The boost of tertiary admission rates to 60 percent will probably include students studying at private universities and colleges as well as those studying for associate degrees.
Mr. Ng said, "Some courses are often self-financed. But government subsidies for these courses and students are not enough."
Mr. Ng said the government has paid more attention to University Grant Committee-funded institutions, putting lots of resources to assist students there.
But for non-University Grant Committee-funded organisations, the government emphasises self-financing.
So assistance in terms of grants for students is little. Students can then only rely on loans.
He said that this creates an unfair situation. Students with good results can go to University Grant Committee-funded universities, whereas those with poor results can only go to colleges or study in self-funding programs, thus receiving less grants.
Even with the provision of loans, Mr. Ng also thinks that the interest rates are too high.
He said, "I think tertiary education is a national investment. The government has the responsibility to bear the costs."
Both Mr. Lee and Mr. Ng suggest lowering the interest rates of the loans.
Apart from lowering the interest rates, Miss Chan suggested that the scheme can be improved by making the deferred repayment scheme more flexible.
However, Mr. Chan of the agency said that whether the interest rate is high or not depends on how students measure it.
"The scheme runs on its own mechanism. If not, the fund keeps diminishing, there will be no funds left for future applicants.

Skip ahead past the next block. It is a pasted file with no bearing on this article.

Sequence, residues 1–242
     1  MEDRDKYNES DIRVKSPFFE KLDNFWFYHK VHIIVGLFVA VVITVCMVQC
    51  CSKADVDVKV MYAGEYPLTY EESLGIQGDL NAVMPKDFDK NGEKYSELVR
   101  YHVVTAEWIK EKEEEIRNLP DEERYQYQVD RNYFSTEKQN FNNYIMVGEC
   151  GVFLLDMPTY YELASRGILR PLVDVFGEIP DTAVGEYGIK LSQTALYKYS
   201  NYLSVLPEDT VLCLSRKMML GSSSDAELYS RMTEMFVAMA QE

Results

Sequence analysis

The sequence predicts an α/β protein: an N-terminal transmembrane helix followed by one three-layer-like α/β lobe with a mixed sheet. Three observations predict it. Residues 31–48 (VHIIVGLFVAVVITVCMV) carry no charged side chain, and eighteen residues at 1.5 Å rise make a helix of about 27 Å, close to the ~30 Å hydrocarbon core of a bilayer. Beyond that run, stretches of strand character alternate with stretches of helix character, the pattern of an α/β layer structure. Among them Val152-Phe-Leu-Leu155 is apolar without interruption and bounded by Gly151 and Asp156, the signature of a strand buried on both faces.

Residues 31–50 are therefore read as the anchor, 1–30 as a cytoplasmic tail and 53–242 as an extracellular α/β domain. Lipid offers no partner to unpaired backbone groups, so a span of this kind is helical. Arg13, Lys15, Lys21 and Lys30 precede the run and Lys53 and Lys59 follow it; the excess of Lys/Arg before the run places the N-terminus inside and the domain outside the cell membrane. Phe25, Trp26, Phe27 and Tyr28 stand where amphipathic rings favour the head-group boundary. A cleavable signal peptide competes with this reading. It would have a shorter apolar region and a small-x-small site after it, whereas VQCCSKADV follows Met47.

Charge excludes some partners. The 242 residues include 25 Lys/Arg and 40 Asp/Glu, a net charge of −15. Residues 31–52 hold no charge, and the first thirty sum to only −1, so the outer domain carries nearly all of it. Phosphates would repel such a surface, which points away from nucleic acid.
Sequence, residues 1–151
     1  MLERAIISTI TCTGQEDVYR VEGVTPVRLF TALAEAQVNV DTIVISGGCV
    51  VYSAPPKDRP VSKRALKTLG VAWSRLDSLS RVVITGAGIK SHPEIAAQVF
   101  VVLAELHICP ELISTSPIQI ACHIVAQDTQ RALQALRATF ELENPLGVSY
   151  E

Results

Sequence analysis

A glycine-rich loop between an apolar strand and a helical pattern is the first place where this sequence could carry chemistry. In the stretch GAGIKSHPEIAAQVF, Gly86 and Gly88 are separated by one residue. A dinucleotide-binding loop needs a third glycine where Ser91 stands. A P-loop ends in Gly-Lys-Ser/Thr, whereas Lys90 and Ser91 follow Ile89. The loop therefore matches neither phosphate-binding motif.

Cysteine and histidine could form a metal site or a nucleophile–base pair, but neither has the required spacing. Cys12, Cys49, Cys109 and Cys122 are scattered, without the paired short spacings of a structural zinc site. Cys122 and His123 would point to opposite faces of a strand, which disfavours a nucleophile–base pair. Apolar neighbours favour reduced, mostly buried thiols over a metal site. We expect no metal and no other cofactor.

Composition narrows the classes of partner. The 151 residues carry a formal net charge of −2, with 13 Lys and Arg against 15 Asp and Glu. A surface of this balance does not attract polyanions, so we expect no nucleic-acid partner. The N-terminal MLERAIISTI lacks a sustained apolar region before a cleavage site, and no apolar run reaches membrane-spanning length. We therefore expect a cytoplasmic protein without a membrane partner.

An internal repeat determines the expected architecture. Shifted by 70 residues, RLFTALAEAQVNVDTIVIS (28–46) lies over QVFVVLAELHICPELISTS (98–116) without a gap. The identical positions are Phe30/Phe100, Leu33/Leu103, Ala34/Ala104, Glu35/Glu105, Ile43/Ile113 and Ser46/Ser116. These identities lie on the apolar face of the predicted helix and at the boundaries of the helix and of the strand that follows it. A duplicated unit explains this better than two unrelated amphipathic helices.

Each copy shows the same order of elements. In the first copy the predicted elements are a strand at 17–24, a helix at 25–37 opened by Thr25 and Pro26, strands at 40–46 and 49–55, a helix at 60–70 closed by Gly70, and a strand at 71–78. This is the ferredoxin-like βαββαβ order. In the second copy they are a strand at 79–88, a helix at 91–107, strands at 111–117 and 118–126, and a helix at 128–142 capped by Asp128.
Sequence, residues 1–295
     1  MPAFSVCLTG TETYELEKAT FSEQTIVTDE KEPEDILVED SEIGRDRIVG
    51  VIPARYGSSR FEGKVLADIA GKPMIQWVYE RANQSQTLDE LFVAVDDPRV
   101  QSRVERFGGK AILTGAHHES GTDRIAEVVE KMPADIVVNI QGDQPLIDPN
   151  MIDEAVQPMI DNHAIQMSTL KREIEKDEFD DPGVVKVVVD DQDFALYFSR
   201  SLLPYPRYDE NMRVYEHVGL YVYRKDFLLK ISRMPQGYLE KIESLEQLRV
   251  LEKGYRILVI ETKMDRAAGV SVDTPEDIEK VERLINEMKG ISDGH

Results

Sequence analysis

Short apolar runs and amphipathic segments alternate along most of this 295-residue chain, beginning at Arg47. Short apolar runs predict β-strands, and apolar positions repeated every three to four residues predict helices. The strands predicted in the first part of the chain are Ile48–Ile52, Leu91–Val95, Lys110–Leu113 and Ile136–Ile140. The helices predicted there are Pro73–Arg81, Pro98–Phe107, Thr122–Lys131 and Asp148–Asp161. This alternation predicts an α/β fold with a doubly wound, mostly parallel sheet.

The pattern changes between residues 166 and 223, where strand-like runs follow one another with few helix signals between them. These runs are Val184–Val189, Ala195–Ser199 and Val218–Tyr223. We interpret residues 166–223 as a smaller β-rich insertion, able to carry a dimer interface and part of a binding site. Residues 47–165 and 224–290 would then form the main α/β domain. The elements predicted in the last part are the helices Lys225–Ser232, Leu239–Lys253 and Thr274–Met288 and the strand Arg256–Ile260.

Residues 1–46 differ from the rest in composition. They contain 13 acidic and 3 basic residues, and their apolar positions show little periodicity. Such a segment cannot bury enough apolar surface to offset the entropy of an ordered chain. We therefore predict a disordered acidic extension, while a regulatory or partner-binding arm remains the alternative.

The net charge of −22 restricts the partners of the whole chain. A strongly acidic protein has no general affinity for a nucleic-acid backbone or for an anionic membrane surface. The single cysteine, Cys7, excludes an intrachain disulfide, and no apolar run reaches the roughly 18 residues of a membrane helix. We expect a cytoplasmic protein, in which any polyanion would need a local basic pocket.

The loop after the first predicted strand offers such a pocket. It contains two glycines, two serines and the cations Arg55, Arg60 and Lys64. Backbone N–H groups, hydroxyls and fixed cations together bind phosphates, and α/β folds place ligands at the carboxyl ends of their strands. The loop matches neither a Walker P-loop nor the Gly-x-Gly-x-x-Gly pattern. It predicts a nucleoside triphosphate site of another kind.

"Of course, we also want to lower the interest rates to help students in need. But we have to follow the market rates."
Apart from its extension, the scheme may undergo another great change.
The government is now studying the possibility of farming out the administration work for the scheme.
Mr. Chan said, "Our studies show that there are advantages of contracting out the administrative work to banks or private companies.
"Say, students can go to any branch of a bank to process their applications. It would be more convenient for students.
"Also, the interest rates follow the market mechanism and are less rigid. We would be assured that the interest rates would not be too high," he said.
But Mr. Chan stressed that this plan will not be implemented without a full understanding and agreement of the government, banks and students.
While the government is optimistic about the idea, students are doubtful.
Said Mr. Lee: "We are doubtful about the degree of security and the discounts offered by banks.
"If the work is contracted out, what if different banks work together to raise interest rate?
"Also, if a student has a poor credit record, banks could reject that person's application for loan. It would be a very insecure situation for students."
Mr. Ng said, "A monitoring system is needed if the work is contracted out."
Applying for loan is the main way for many university students to pay tuition fees and living expenses.
Varsity file photo
Students complain about the 9 percent interest rate under the scheme.